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Adelaide afternoon Anstruther answered Archibald Forrest asked aunt barouche Beech House better bonnet Burchell's Camilla certainly cheeks chell clever Clutterbuck comfortable course cousin Dartford David King Davie dear dine dinner door drawing-room duty eyes face father feel felt Ferry Cottage fire frock garden Gilmour girl Grey Priory hair hand handsome happy head heart Henry Henry King hour Inglethorpe Place Ivy Chimneys John Heywood Julia Winter King and Nancy King's knew laughed looked marriage married Mary-Ann mind minutes Miss Burchell Miss Heywood Miss King Moor morning mother Nancy's nature never night once parlour perfectly perhaps Peter Moor poor presently pretty rectory replied round Sarah Burchell silence smile stood suppose sure Susan Theo Theo's Theodora things thought took turned Uncle Charles village voice walked warm wedding weeks wife window woman young
Page 288 - The isles of Greece, the isles of Greece ! Where burning Sappho loved and sung, Where grew the arts of war and peace, Where Delos rose, and Phoebus sprung ! Eternal summer gilds them yet, But all, except their sun, is set.
Page 111 - IF you become a nun, dear, A friar I will be; In any cell you run, dear, Pray look behind for me. The roses all turn pale, too; The doves all take the veil, too; The blind will see the show; What! you become a nun, my dear. I'll not believe it, no! To 625 If you become a nun, dear, The bishop Love will be: The Cupids every one, dear, Will chant, "We trust in thee!
Page 206 - Dear lassie," he cries, wi' a jeer, "Ne'er heed what the auld anes will say; Though we've little to brag o', ne'er fear— What's gowd to a heart that is wae?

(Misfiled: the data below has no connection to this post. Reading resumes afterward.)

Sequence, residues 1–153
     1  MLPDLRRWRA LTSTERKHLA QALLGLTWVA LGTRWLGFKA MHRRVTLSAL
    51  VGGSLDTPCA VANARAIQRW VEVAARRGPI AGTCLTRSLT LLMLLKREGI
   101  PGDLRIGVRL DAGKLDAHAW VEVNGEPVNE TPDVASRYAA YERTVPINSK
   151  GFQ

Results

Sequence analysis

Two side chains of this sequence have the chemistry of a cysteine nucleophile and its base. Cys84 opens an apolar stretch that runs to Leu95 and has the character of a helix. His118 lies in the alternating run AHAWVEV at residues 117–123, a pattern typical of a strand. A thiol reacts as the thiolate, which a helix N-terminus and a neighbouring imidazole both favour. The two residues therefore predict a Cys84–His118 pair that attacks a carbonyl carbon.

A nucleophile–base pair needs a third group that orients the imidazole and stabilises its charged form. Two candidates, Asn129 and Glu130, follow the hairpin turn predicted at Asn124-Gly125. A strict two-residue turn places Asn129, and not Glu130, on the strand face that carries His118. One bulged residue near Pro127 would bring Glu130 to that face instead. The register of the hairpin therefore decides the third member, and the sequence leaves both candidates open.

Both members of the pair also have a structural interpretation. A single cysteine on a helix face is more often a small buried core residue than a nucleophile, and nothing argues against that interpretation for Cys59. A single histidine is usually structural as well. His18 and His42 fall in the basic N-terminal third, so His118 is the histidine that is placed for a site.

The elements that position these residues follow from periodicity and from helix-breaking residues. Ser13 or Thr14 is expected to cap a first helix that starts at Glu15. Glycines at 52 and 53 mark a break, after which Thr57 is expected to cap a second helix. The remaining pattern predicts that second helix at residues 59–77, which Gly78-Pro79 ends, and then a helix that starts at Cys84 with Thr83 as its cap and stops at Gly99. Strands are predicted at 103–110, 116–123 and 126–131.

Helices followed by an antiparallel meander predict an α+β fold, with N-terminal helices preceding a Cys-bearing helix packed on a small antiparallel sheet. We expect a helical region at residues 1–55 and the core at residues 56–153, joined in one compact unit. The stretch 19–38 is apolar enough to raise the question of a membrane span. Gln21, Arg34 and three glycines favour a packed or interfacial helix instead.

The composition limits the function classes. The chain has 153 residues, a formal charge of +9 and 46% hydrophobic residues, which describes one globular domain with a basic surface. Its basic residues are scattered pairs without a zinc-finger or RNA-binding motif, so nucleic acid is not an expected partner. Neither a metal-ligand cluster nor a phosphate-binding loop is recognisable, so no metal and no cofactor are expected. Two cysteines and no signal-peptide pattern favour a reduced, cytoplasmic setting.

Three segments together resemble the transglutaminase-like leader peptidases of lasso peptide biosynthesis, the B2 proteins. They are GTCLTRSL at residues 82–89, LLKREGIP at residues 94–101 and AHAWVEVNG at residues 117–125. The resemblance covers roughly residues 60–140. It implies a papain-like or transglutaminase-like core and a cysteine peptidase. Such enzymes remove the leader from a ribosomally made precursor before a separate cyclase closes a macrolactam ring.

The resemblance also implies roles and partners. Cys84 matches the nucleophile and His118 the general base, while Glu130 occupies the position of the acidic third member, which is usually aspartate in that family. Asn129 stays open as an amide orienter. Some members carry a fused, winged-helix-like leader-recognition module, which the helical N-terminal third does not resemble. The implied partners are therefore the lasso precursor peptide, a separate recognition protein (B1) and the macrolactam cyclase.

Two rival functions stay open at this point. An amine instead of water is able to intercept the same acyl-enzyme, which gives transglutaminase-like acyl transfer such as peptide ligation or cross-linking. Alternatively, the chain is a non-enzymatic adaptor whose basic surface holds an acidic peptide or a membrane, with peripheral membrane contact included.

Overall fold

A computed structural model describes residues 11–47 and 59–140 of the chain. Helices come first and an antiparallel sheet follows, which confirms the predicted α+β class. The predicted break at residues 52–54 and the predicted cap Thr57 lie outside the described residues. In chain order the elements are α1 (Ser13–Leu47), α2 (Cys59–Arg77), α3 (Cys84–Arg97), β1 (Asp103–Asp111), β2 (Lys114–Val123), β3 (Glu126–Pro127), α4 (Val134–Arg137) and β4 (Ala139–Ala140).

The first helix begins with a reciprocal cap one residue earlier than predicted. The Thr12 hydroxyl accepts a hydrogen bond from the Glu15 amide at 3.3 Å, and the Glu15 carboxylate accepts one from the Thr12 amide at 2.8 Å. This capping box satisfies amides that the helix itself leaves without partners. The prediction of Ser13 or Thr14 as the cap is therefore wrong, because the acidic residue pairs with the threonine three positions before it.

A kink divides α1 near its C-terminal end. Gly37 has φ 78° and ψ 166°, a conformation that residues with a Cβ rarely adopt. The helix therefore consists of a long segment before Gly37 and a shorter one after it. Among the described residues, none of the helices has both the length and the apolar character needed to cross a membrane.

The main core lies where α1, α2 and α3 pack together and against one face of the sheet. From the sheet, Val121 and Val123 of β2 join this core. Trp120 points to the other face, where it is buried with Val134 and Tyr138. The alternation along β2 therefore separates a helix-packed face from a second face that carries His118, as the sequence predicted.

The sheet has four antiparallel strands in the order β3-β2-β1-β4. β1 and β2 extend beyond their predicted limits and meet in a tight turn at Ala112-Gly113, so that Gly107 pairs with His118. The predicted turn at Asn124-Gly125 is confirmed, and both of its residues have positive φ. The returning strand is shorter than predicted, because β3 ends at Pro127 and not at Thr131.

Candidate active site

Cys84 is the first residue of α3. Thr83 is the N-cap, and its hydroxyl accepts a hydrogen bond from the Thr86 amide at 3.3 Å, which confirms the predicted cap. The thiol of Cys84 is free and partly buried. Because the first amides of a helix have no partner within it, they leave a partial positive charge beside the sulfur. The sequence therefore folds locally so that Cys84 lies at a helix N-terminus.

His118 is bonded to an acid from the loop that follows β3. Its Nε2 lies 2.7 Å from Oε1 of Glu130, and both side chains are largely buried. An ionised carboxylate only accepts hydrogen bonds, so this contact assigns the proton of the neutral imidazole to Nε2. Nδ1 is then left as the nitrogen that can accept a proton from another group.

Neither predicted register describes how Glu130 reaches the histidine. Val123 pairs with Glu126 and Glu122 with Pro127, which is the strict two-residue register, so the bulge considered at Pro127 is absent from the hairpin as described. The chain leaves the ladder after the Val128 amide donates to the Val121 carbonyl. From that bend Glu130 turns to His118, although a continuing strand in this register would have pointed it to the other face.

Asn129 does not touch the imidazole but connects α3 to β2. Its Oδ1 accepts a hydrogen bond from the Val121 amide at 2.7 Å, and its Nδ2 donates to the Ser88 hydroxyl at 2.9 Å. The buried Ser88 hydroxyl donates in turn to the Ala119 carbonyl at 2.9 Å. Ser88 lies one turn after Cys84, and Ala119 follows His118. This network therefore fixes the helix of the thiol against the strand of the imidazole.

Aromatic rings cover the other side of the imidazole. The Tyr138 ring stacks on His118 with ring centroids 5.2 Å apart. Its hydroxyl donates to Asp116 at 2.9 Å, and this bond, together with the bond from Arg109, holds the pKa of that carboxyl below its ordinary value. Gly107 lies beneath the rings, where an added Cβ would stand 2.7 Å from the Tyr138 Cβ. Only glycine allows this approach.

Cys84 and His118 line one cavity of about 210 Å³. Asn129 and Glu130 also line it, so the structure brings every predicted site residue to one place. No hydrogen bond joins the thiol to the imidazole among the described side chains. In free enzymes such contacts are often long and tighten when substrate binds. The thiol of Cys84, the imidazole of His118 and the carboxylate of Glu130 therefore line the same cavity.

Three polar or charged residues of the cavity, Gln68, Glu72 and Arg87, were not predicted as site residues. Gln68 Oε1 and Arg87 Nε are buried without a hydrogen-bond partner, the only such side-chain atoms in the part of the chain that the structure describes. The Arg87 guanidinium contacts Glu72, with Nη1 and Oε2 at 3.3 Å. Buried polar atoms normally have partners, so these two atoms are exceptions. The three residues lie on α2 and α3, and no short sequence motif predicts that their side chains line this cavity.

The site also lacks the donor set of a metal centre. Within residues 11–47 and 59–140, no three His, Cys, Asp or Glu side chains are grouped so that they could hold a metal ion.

Page 304 - ... thou wishest to give thyself delight, think of the excellences of those who live with thee ; for instance of the energy of one, the modesty of another, the liberal kindness of a third.
Page 164 - ... dawn in the evolution of science. The neglect to study inebriety scientifically, and its influence on public health, has opened the door for an army of quacks, who rush in with secret remedies to drive out this disorder. It is the same old story of credulity, disappointment and loss ; a repetition of the blind leading the blind and both falling into the ditch.
Page 135 - Hast thou found honey? eat so much as is sufficient for thee; Lest thou be filled therewith, and vomit it. X Let thy foot be seldom in thy neighbour's house ; Lest he be weary of thee, and hate thee.
Page 30 - Remembering no more the animosities or the sorrows of imprisonment. They were deprived of the consolation of closing their eyes Among the countrymen they loved, But they have been laid in an honourable grave By a nation which knows how to respect valour And to sympathise with misfortune.
Page 21 - Magazine, or Entertaining Companion for the Fair Sex, Appropriated Solely to their Use and Amusement...